April 17, 2014
An interesting story has been developing over the past couple of weeks and has been flying under the radar somewhat, though Alex Barker over at the FT has covered this story very well, here, here and here.
The issue is that the Bank of England has found wording in the details of the EU’s Bank Recovery and Resolution Directive (the bank bail-in plans) which could prohibit governments from protecting central banks against losses when they provide emergency lending to banks in a crisis. Quite a surprising find given that the final text has just been passed (the error was found with only weeks to spare).
This is the Emergency Liquidity Assistance (ELA), which we have covered here and here. As a recap, this is the lending which a central bank takes on in a crisis and offers to banks at less favourable rates if they have no other choice to avoid a liquidity crisis. As might be expected it was used heavily by the UK and many eurozone countries during the crisis.
Essentially, the concern is that it could expose the BoE to greater risk since it will not have the backing of the UK treasury when extending liquidity assistance, which is risky and can be very large when a financial sector the size of the UK’s is in crisis.
In fact the story now seems to have run through its full lifecycle:
- The BoE located the problem and alerted the European Parliament (EP) and other member states, while requesting to reopen the text of the legislation to amend the wording.
- The EP accepted and even published a revised text to take account of the concerns – see article 27 (2).
- In the end, however, the move was formally vetoed by the Netherlands, Finland and the Czech Republic due to concerns that reopening the text would lead to a raft of other demands, notably by France, Italy, Sweden and Portugal who were seeking further assurances that they could issue guarantees for bank bonds without requiring bank bail-ins first.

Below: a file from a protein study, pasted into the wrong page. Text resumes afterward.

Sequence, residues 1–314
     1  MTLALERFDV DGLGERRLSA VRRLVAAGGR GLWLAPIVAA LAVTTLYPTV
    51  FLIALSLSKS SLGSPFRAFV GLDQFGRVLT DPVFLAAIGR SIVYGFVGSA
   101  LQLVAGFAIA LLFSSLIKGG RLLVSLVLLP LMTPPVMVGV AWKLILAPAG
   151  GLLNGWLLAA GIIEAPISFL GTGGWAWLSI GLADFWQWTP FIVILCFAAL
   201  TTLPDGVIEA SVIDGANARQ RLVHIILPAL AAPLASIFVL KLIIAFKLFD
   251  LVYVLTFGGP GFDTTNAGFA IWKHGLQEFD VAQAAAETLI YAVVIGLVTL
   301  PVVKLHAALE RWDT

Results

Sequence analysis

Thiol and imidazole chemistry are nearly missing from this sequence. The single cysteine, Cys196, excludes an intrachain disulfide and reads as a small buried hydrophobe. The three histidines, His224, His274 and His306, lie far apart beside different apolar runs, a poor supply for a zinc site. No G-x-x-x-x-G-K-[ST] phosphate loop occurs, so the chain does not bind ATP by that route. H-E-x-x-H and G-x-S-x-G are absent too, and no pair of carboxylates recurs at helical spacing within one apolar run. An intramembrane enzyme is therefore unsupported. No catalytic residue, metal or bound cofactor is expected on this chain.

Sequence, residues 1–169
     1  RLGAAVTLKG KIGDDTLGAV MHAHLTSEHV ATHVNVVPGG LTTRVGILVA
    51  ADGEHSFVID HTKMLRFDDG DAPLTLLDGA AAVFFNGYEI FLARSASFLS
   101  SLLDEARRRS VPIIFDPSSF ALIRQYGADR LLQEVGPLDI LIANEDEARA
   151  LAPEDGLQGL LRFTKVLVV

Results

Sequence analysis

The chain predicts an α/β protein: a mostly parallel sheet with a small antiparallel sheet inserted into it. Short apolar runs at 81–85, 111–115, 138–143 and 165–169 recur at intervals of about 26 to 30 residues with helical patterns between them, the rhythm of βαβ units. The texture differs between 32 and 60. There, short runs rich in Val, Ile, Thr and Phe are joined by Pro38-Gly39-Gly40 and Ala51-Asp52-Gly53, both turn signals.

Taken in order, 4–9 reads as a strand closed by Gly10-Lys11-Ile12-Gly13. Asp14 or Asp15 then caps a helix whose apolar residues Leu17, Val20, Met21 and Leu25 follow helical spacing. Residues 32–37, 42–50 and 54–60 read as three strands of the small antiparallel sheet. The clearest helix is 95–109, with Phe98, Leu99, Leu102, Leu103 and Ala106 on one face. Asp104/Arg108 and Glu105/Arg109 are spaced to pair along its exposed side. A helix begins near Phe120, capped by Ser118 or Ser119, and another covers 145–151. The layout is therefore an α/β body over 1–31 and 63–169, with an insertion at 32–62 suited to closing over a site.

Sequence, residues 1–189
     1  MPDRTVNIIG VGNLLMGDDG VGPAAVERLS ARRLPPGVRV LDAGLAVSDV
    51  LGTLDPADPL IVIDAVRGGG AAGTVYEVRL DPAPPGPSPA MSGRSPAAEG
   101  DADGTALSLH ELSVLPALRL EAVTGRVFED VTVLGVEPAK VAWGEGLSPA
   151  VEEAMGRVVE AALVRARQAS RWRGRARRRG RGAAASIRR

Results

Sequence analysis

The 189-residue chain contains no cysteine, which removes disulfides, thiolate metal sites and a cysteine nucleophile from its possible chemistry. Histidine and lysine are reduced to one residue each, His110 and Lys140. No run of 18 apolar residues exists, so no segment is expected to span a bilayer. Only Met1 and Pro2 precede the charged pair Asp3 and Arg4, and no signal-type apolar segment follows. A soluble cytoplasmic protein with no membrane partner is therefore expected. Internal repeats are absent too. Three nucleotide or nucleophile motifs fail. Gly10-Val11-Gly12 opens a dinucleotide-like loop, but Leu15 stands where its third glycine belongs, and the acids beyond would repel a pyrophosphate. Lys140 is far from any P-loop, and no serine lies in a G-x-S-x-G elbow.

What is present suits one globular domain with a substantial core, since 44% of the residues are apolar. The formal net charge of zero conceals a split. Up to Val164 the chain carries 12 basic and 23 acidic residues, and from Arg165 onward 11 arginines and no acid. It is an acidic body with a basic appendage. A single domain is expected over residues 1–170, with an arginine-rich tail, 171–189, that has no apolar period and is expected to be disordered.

This may potentially be a very big deal – but there could also be ways around it. Ultimately, ELA can still be extended it just cannot have a blanket guarantee from the government. The central bank balance sheet should be strong enough to deal with this, although if losses were taken it could become an issue – would bail-ins be required, say, before the central bank was recapitalised? Furthermore, this doesn’t just impact the UK, ELA was heavily used in the eurozone and is arguably more important for the eurozone than the UK since the ECB still struggles to act as a real lender of last resort.
- That the deal isn’t now re-opened despite an obvious flaw in the legislation is symptomatic of EU law – the constant fear of reopening deals or reassessing them due to uncertainty over what countries might begin to demand. This too often used as an argument against reform, when in fact it should be one in favour of reform. It highlights the need for a broader overhaul of the legislative approach and the need for a clearer structure and mechanism to reassess legislation. All too often this fear paralyses the process of improving or changing the EU.
- That said, looking at the revised EP text, there do seem to be a huge amount of changes (the text in bold and italics). This seems to highlight some severe concerns with the original agreement and again brings home concerns over the level of uncertainty – what is a precautionary recapitalisation? – that continues to dog the agreement.
- The alliances that built up on this issue are also interesting and somewhat unusual. The UK had the support of the European Parliament and even France and Italy, although they seemingly wanted to reopen the text for other reasons. However, Netherlands and the Czech Republic were firmly against, while Germany was very hesitant. The UK should take comfort in this. On this particular issue, the divide wasn’t eurozone versus non-eurozone – that potential divide remains one of the biggest liabilities in the UK-EU relations, particularly in financial services.
Most importantly though, how in the world did finance ministries and central banks – including the Treasury and BoE effectively – miss a provision which governs fundamental central bank actions? Admittedly, we didn’t spot it either and it is a very technical clause but these are exactly the types of things that central banks should be on the look out for. It certainly raises some serious questions about the level of oversight and analysis of EU legislation both at the EU and national level. How did everyone miss this the first time around? If the central banks weren’t involved earlier, should they be on important financial legislation such as this?